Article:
There is no denying that our society is slowly but steadily steering into the energy-efficient direction. Even if we’d put the issue of non-renewable resources like oil and gas aside, investing in renewable energy sources and striving for sustainability just makes sense from a financial standpoint, and will only become more important as the time goes by. That is why the real question is not “Should you make your home more efficient?” or even “When?” but “How?” Well, here are the six most effective solutions.
Insulate the house
Maintaining a pleasant temperature during winter and summer requires a staggering amount of energy. As a matter of fact, heating and cooling accounts for 54% of our homes’ annual bills. It’s good to know then, that wall insulation can cut the heat loss in your home by 67%, and adding the attic insulation can decrease this number by an additional 40%. Also, home insulation comes in a variety of eco-friendly materials such as sheep’s wool, cotton, and aerogel, so you’ll have plenty of options to choose from depending on needs and finances.
Utilize solar energy
Sure, with large solar systems’ price going up to $21,000, solar panels are still a commodity not every consumer can afford. But, even with such steep prices, they still make one incredibly worthwhile investment, you just need to put things into perspective. Depending on the panel price and your consumption, your system may pay off itself within six to ten years of installation. Also, the energy prices are constantly on the rise and the Government is offering a lot of interesting incentives (rebates, tax breaks, etc.) to encourage energy independence. It seems that the heyday of solar energy is just ahead of us.
Invest in a more efficient HVAC system
Over the last few years, HVAC systems have gone through a huge expansion. For instance, according to a recent report by Research and Markets, the Australian HVAC market is expected to hit the $3 billion mark by 2022! However, heating and cooling systems in typical homes are responsible for a big chunk of total energy use, so how can we make them more efficient? Hiring a certified electrician in Sydney to make sure that your HVAC system is running properly and at peak efficiency is a good starting point. Rational usage, combined with smart automation and regular maintenance done by professionals can produce huge savings. With over 84% of homes having some kind of air conditioning unit, the matters are very similar stateside.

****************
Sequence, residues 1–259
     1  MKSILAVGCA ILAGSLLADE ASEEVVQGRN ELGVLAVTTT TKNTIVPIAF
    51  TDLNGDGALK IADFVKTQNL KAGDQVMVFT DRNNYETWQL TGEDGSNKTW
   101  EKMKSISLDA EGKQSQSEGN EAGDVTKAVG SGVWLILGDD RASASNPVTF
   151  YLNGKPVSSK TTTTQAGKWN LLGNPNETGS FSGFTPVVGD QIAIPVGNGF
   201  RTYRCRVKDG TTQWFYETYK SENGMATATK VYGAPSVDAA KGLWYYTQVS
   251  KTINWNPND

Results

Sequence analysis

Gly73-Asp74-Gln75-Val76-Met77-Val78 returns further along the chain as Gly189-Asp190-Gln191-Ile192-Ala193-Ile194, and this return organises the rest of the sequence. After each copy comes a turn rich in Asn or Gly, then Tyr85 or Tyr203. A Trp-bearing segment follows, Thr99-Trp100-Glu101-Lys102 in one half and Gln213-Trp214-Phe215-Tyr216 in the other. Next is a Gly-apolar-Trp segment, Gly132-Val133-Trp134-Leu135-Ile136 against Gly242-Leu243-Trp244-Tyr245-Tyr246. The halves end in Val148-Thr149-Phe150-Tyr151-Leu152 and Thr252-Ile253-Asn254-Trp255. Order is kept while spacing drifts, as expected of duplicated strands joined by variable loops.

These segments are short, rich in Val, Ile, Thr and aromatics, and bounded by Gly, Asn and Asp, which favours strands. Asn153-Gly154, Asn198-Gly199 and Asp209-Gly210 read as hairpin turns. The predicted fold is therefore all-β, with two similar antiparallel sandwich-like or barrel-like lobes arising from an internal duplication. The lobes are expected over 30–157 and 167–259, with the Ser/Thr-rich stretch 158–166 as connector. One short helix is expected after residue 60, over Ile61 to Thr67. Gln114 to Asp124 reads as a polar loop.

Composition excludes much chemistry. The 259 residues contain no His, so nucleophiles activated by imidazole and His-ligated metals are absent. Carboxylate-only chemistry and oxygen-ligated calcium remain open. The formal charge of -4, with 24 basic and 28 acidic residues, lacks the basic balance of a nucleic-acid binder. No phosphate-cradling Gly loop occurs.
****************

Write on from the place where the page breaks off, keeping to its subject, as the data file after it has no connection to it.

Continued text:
Consider automating your home
In the public eye, home automation is still largely considered a purely leisurely move. If you take another look at the whole matter, though, you’ll see that even the smallest upgrades can go a long way in saving you tons of leaking energy. Smart thermostats, appliances tightly integrated with each other with the blessing of IoT, and even the option to turn off your oven remotely if you forgot to do that earlier are all pieces of this amazing puzzle. The level of automation and the number of integrated appliances is highly customizable which opens a slew of opportunities even for the more modest budgets out there.
Replace the old incandescent bulbs
This is not so much a breathtaking high-tech upgrade as much as something you should’ve done years ago, but you didn’t. As opposed to more traditional incandescent and CFC bulbs which release 80%-90% of their energy as heat, have a very short life-span, and, for the energy they burn, produce surprisingly dim light, LED bulbs score much better results. They use about 25%-80% less energy than their counterparts, they last 3-25 times longer (depending on price and quality) and can easily cast a light over the entire room even from the most awkward positions. A worthwhile investment if there’s ever been one.
Buy more efficient appliances
While automation and rational use can do wonders for your bills, some appliances are simply a lost cause. If your fridge, stove and AC unit have a bad energy rating, not even the most utilitarian approach will produce tangible results. So, what you should essentially do is throw out all the appliances that feature a rating lower than A and replace them with new units. This may sound like a considerable investment but keep in mind that you can sell the old stuff and that the new units will repay themselves as time goes by.
Make small improvements in non-energy-related areas
Here are all the improvements you don’t immediately associate with energy, but they make a difference in a grand scale of things. For example, double-glazed windows are something that belongs more to the domain of interior design, but, due to their ability to capture the heat inside the house, they can drastically cut your heating bills. Another example would be water-saving showerheads. Because they use less hot water, you don’t need to overuse the heater.
These are the six upgrades that can be easily described as “energy efficiency 101.” Some of them will produce bigger savings, others are there to improve the overall results, but all of them will only become more important as time goes by. Do your best to check as much of the entries as you can. Your money won’t only be well-spent, it will find its way home in due time.